Balk: Appreciate your time at NU, and all the people who make it special

Tim Balk, Gameday Editor

It hit me like a bullet train. A week early, actually.

At halftime of Northwestern football’s penultimate home game of the season, I snuck out of the press box and into the upper deck. I stood in the frozen slush and looked down at Ryan Field, soaking up the back end of four years, unsure whether I was sniffling from the cold night air or from nostalgia.

I’m not graduated yet. In fact, I have a full quarter of classes to go.

But as I approach the end of the line at this publication — I’m tapping out after Winter Break — it feels like a de facto graduation. Some time around winter of my sophomore year, the first quarter I spent on The Daily’s edit board, classes became background noise. When the paper finished publication at the end of the quarter, I felt pretty sure the quarter was finished, finals be damned.

That all might sound pretty bonkers. And it probably is.

But it’s about more than just printing newspapers that languish away on those pathetic little dining hall newsstands. It’s about home and family and all that warm fuzzy stuff. (Is this about to get unforgivably kitschy? Of course it is; you’ve stumbled your way into a senior column, mate.)

As a sports reporter, I covered more than a dozen games from the Ryan Field press box and many others across the Big Ten, dropped by Welsh-Ryan Arena from time to time, and had the chance to talk to some phenomenal student-athletes and coaches. So maybe that’s why I nearly teared up at the Purdue game.

But I still have yet to sit down and reckon with peacing out to Norris, a place where, in my prime, I ran the The Daily’s Opinion Desk as I watched the Yik Yak haters pile up. (Pour one out for the Yak.) And where, later, I pretended to be a Managing Editor for two quarters, once forcing the whole staff to watch a Bionicle movie.

Home, they say, is where the heart is, and Norris never could have felt like home if not for the people who work here.

There are many wonderful people at Norris, from the folks who always say hello each night as they help clean up our newsroom to the baristas at Norbucks.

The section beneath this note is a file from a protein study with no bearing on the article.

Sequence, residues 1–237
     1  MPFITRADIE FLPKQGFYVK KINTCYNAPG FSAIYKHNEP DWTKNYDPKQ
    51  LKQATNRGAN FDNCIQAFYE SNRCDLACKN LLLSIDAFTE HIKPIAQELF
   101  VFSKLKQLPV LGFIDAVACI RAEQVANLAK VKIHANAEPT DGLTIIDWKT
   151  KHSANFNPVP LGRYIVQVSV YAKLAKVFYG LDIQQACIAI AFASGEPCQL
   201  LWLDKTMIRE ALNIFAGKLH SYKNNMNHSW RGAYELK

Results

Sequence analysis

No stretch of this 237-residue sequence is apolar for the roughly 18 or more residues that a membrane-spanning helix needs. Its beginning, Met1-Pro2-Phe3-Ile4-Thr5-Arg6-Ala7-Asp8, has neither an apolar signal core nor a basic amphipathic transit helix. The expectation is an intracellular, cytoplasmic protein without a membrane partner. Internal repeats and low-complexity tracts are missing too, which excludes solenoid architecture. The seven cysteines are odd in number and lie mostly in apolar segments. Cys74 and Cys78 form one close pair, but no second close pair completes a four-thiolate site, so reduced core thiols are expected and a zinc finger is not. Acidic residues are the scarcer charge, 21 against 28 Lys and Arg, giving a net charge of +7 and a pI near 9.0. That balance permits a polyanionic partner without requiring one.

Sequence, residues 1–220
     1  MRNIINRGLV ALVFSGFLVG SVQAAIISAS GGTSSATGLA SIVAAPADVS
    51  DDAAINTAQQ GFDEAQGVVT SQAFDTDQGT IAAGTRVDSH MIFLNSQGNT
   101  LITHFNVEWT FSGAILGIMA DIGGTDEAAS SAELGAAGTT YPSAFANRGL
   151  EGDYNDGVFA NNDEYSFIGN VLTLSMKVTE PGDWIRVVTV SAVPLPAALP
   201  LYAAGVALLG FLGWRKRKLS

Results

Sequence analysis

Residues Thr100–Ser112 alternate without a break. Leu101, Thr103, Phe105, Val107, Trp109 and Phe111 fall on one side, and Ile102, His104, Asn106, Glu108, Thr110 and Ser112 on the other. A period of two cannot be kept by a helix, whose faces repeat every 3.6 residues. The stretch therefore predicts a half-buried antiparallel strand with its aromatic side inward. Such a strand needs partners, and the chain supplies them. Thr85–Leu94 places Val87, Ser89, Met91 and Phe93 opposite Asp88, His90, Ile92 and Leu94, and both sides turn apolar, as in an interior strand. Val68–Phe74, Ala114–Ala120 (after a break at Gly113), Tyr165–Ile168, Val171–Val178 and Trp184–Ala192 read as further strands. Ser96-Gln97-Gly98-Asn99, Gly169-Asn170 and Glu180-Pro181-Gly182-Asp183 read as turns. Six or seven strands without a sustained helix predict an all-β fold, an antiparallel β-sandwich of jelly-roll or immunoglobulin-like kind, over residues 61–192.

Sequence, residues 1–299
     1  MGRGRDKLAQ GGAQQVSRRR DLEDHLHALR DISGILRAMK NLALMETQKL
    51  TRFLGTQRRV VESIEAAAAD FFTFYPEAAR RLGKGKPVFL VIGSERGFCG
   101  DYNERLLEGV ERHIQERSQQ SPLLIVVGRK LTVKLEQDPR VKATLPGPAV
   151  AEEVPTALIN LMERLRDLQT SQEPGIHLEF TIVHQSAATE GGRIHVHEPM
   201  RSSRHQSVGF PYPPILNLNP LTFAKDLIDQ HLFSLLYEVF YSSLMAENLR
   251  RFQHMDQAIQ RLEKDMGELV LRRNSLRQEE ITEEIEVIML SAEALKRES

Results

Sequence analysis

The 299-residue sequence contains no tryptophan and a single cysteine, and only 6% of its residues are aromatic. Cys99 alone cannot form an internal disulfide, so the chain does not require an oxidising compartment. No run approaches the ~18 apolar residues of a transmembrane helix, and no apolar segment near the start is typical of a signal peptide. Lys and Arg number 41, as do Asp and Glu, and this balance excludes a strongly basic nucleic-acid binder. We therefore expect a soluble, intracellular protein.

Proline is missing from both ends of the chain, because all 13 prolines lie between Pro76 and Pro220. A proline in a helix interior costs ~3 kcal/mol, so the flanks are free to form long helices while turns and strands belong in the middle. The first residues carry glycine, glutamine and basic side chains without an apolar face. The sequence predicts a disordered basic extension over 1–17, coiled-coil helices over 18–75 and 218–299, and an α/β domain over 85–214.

I’ll also always owe a special debt of gratitude to Charlotte Taylor. She’s been dishing out pizza on the ground floor as long as I’ve worked at The Daily. The warmth she exudes is stronger than the oven at The Kiln.

In my five quarters on The Daily’s edit board, I could always count on her to keep my spirits up on a stressful day with a simple smile and greeting. What I didn’t realize, at least until this fall, is that she brings her cheerful attitude to Norris despite a two-hour commute from her home on the West Side of Chicago. She doesn’t get home to her family until 1:15 a.m, often working six days a week.

But when I asked her recently if she likes her job, dealing with NU students all day, she said she loves it. She said feeding people gives her joy, reminiscing about making Thanksgiving dinner at Dearborn Homes on the South Side, where she grew up and where her mom still lives. She’ll be back there Thursday for the holiday.

And with Thanksgiving around the bend, I’m trying to take a moment to appreciate this special place, filled with people like Charlotte and many others who go to great lengths to make it feel like home.

Among these, of course, are my phenomenal peers at The Daily, who have become my on-campus family. Who joined me in traversing hundreds of miles of Midwest roads to reach far-flung motels and cover football and basketball games. And who inspired outrageous late-night debates about em-dashes or whether the word nonconference should have a hyphen.

When all’s said and done, it’s worth trying to appreciate each day here, even those stress-filled, sleep-reduced, Winter Quarter days. All the little moments, and all the people you share them with.

Because this school is filled with people who want to lift your spirits.

And because it won’t be too long before you’re just a washed up senior like me, looking around and taking stock of how lucky you’ve had it — and all the memories you’ve made.

Tim Balk is a Medill senior. He can be contacted at [email protected]. If you would like to respond publicly to this column, send a Letter to the Editor to [email protected]. The views expressed in this piece do not necessarily reflect the views of all staff members of The Daily Northwestern.